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The Browns Need Urban Meyer
The Browns Need Urban Meyer
Erik Cassano has the cure for the Browns ills - Hire Urban Meyer away from the University of Florida. Cassano argues that Meyer has turned around desolate programs at Bowling Green and Utah, and has Florida back in national championship contention in just his second year there. He's from the area, and the Browns already have the offensive weapons to make his system work. Interesting column and proposal from Papa Cass here.
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It finally occurred to me last night: I know what the Browns need to turn their fortunes around. And they don't have to look any further than Gainesville, Fla.
The Browns need
as their head coach. And that's why, today, I am officially kicking off the "Bring Urban Back to Ohio" campaign.
For those of you scratching your heads, thinking that if the Browns should go after any college coach, it should be Jim Tressel, let me give you a short history lesson.
In 2001, I first met Meyer when he became the coach of my alma mater, Bowling Green. He wasn't a blowhard. He wasn't a cantankerous leatherhead. He was simply good.
I was the sports editor of the student newspaper that fall when I watched the Bowling Green football program undergo an amazing transformation with little fanfare. With quiet, effective steps, Meyer eliminated the sludge left behind by former coach Gary Blackney, who likely stayed around a few years too long, and installed a new, exciting brand of football that he truly believed in.
It wasn't the paint-by-numbers football that Browns coach Romeo Crennel and offensive coordinator Maurice Carthon lean on; it was adventuresome. It embraced the big play. And if the big play didn't work, Meyer didn't abandon it for screen passes. He kept calling for it.
Meyer's offense, kind of a hybrid between a spread and West Coast scheme, turned an undersized quarterback in Josh Harris into an NFL prospect. With it, the Falcons performed the biggest turnaround in college football that year, jumping from 2-9 in 2000 to 8-3 in 2001, including wins over BCS conference teams in Missouri and Northwestern.
In one season, Meyer turned around a stagnant football program with very little roster turnover. His team latched onto his passion, enthusiasm and willingness to stick his neck out.
When Meyer left for Utah after the 2002 season, we might have been disappointed in BG, but we knew this was a coach destined for big things. Sure enough, he led Utah to a BCS bowl game and managed to get starting quarterback Alex Smith picked first overall in the NFL draft.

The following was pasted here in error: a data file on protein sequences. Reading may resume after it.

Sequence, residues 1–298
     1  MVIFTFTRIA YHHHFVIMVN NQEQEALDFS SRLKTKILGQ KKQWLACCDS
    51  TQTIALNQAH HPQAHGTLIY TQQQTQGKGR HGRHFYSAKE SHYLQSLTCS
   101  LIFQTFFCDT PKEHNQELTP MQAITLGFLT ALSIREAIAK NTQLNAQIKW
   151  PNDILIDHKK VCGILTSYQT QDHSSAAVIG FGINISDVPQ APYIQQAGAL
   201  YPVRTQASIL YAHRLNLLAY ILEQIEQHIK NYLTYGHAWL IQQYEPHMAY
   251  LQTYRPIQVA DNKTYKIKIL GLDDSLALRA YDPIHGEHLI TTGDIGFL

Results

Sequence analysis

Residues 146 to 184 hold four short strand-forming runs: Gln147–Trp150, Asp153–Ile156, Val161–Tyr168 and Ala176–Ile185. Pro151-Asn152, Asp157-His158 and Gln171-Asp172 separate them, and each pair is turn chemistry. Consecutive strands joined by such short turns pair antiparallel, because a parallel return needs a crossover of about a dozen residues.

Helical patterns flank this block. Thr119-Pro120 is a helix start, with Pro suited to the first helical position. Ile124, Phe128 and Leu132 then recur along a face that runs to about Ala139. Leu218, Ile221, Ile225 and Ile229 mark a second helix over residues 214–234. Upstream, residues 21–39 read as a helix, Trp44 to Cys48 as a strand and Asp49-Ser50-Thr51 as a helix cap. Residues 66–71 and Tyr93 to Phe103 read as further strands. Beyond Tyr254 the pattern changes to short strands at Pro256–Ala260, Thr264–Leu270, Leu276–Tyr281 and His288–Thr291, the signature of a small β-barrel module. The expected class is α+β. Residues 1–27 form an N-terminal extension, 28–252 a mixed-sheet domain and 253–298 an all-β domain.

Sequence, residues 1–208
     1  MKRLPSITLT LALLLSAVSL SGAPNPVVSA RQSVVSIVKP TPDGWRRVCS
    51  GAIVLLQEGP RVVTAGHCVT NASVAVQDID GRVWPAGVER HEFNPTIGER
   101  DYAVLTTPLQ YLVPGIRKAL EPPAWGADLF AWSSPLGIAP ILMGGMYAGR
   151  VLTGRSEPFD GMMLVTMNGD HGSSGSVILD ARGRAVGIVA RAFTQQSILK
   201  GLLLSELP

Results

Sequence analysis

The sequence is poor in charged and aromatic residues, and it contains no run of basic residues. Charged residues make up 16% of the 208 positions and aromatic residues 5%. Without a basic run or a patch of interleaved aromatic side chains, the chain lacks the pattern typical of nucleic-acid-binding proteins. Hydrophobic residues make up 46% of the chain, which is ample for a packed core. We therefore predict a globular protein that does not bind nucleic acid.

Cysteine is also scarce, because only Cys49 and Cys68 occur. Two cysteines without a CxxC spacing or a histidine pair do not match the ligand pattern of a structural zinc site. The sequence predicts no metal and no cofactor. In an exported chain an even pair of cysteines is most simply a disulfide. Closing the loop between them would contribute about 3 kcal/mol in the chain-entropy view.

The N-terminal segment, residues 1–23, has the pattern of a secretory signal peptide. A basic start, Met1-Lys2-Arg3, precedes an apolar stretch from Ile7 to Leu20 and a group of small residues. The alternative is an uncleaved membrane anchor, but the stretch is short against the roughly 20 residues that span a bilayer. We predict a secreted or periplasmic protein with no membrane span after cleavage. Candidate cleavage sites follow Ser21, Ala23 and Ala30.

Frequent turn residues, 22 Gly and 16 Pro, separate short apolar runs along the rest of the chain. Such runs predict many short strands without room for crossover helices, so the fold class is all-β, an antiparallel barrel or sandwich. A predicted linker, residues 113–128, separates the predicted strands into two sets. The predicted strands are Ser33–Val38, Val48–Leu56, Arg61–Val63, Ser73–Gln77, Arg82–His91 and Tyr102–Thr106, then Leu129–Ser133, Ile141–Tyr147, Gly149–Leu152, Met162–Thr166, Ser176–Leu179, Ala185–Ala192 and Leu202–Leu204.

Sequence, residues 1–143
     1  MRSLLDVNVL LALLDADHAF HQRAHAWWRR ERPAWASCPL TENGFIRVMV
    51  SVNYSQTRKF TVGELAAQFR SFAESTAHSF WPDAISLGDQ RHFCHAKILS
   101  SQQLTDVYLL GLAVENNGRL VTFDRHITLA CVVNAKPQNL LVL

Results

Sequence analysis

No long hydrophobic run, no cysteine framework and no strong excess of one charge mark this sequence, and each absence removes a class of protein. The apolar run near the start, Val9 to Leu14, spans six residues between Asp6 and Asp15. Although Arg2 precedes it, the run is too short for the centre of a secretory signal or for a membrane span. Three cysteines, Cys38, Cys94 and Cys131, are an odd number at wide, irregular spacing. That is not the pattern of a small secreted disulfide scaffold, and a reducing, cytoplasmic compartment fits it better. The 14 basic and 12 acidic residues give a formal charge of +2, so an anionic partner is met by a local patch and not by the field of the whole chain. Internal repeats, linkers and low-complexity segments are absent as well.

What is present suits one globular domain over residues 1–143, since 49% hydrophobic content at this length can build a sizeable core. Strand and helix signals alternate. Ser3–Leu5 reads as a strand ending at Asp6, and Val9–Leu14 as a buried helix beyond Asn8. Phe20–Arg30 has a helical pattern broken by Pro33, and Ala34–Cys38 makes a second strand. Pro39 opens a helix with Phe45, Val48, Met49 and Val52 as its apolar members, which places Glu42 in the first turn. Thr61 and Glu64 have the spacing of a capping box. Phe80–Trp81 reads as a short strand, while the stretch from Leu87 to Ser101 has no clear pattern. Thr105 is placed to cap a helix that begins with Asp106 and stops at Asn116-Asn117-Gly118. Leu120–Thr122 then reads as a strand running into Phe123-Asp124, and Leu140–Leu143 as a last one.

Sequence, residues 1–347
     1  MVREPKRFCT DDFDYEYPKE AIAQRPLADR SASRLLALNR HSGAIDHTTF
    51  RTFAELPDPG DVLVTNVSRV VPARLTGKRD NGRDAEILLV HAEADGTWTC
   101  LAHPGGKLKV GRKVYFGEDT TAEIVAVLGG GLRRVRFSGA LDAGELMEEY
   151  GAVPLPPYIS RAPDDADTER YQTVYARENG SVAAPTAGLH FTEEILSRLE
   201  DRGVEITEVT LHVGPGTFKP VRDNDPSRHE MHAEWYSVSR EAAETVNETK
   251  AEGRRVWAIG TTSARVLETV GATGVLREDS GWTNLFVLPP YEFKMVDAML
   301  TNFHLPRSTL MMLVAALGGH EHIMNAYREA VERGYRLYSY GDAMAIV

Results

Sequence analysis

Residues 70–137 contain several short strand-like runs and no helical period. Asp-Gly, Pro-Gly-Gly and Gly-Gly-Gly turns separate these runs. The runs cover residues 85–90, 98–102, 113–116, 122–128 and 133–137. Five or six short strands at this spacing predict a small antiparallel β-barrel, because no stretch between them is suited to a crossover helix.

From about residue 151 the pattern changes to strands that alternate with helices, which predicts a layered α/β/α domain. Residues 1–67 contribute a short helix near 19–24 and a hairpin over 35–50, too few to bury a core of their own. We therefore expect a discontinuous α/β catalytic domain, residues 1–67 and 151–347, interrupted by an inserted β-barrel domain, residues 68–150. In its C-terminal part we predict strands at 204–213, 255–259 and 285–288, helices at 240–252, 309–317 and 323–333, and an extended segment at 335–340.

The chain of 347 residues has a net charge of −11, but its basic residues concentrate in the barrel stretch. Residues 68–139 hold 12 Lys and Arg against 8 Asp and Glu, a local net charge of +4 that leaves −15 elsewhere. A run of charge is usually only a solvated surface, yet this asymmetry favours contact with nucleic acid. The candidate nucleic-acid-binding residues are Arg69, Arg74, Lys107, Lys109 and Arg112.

Then he was on to Florida and the real big-time of college football.
Meyer probably isn't ready to leave Florida just yet. But give him a few years to make the Gators back into a national powerhouse. Then he might be ready for the next challenge. By then, the only place he will not have conquered will be the NFL.
In a sit-down interview with me shortly after he was hired in BG, Meyer said he had no desire to go to the NFL.
"I have had opportunities to go to the NFL, but I love the college game," he said.
That might still be true, but let's wait and see what happens when he's scaled the college mountain and starts thinking about a seven-figure payday in the pros.
Now, I know what you are thinking: college coaches have a long history of falling flat on their faces in the NFL. The mentality is much different. NFL coaches are dealing not with wide-eyed kids but with grizzled veterans made callous to authority by million-dollar paychecks and years in the game. They can't just step in and demand respect. It has to be earned.
But Meyer, I think, doesn't view himself as a cure-all football guru the way Steve Spurrier and Butch Davis did upon arriving in the NFL. What Meyer would need is a general manager savvy and knowedgeable about the ways and means of the NFL. A GM who knows the salary cap, free agency, the draft, contract negotiations and above all, has a talent eye similar to that of Meyer.
The GM would need to be good enough to let Meyer do what Meyer does best: be an inventive, creative coach.
The Browns have the personnel to fit a Meyer system. Braylon Edwards is a playmaker. Kellen Winslow Jr. is a tough possession receiver who specializes in yards after the catch. Dennis Northcutt is a deep threat. Joe Jurevicius is a middle-route possession receiver.
Charlie Frye is a mobile quarterback, kind of a bigger, more athletic version of Harris and Smith. Reuben Droughns and Jerome Harrison could give Meyer all types of different looks out of the backfield.
I don't think it would take long for Meyer to put the right pieces in the right places, at least on offense.
Meyer is an Ashtabula native who played football at the University of Cincinnati. He knows what a rabid football area this is. Passionate fans are something he demands when he takes over a football program.
When the time is right, the Browns would provide a suitable project for him.
He is one of the few coaches who I think could return exciting football to the shores of Lake Erie.
Sep 20, 2006 8:00 PM
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